The King (October 11 in theaters; streaming on Netflix November 1)
Timothée Chalamet (Call Me By Your Name) stars as Henry V in this adaptation of Shakespeare’s Henriad, directed by David Michôd from a screenplay by Michôd and Joel Edgerton. In this version, Prince Hal ascends the throne upon his father’s death and finds that there’s a lot to navigate in his new position, from politics and intrigue to war. “The film namechecks Shakespeare while dispensing with both his dialogue and most of his plot, which is certainly a bold choice. Joel Edgerton, Sean Harris, Lily-Rose Depp, Robert Pattinson, and Ben Mendelsohn also star.
The Lighthouse (October 18)
The Lighthouse, from The Witch director Robert Eggers, strands Willem Dafoe and Robert Pattinson on an island with a lighthouse and some devious seagulls, and surrounds them with a fierce sea. The film is somehow a whacked-out period comedy populated by saltily bearded sea dogs; a psychosexual drama about dramatically fractured psyches; a Beckett-style dive into guilt and shame; and, at times, kind of a takeoff on Aquaman. Shot in grainy black and white and in Academy ratio (which appears square to most audiences), it’s a movie made by a director who knows just what he’s going for and just how to get there — and a rockingly wild time at the movies.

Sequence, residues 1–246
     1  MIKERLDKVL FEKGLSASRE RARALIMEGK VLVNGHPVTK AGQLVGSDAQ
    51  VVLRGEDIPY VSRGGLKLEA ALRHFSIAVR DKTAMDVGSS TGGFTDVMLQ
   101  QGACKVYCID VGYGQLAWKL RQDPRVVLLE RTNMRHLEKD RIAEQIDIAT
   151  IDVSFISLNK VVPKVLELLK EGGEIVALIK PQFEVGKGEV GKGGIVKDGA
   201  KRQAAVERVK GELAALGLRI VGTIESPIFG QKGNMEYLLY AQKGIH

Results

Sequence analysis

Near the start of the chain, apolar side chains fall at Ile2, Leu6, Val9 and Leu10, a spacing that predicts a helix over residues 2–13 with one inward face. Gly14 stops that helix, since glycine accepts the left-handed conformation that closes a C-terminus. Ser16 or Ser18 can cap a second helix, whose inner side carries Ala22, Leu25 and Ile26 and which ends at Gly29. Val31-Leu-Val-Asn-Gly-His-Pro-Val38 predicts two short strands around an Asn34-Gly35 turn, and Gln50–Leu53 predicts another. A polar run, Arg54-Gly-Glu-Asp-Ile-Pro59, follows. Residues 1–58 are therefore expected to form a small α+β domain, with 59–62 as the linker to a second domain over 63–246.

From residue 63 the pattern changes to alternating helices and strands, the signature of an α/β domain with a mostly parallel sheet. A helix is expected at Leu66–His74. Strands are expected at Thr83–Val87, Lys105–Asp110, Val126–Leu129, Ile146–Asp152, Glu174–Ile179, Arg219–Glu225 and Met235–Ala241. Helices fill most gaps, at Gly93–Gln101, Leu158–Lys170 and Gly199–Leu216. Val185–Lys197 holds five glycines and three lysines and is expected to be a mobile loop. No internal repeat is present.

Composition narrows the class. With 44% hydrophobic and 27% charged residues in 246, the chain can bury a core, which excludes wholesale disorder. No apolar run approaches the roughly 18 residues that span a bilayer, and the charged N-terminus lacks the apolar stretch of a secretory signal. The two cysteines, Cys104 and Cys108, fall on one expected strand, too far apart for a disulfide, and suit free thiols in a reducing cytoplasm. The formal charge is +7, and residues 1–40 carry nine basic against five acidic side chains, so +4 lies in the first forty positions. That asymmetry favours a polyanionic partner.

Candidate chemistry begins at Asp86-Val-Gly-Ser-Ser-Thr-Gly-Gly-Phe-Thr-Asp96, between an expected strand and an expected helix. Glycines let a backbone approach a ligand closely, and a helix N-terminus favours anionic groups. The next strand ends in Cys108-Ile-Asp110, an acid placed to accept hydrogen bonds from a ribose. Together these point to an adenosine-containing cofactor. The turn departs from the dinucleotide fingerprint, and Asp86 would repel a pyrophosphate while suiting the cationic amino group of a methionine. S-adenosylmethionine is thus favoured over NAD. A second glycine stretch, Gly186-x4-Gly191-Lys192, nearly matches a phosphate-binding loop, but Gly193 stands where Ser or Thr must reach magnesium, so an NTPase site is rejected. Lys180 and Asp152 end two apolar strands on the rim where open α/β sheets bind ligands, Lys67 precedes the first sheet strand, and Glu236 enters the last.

Jojo Rabbit (October 18)
Director Taika Waititi follows up his 2017 Thor installment with Jojo Rabbit, a dark comedy about a young boy in Nazi Germany, whom everyone says is a “scared rabbit,” and his imaginary friend. That imaginary friend is one Adolf Hitler, and while the film is a little too sprightly to land any heavy punches — it’s more of a comedy with satirical elements than a true satirical tale — it’s best as a coming-of-age story about a kid who’s gotten lost in a world where loyalty has displaced love and where bravado has displaced true bravery. It’s a bold move to marry a coming-of-age narrative, which Jojo sets at the end of the Third Reich, to Waititi’s signature goofball aesthetic and frenetic self-awareness; the film is more successful in some moments than others. But by the end, it’s obvious what Jojo Rabbit is really about: how hate preys on the weak and the young, and how history keeps repeating itself.
The Laundromat (streaming on Netflix October 18)